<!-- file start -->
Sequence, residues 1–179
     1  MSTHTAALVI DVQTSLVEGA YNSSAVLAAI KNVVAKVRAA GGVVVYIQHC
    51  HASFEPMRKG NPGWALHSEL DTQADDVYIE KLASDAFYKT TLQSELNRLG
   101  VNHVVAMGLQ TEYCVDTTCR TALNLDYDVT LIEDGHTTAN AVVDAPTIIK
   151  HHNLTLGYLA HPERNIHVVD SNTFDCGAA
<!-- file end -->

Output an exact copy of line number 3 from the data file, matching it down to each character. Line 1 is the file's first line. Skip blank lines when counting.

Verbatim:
    51  HASFEPMRKG NPGWALHSEL DTQADDVYIE KLASDAFYKT TLQSELNRLG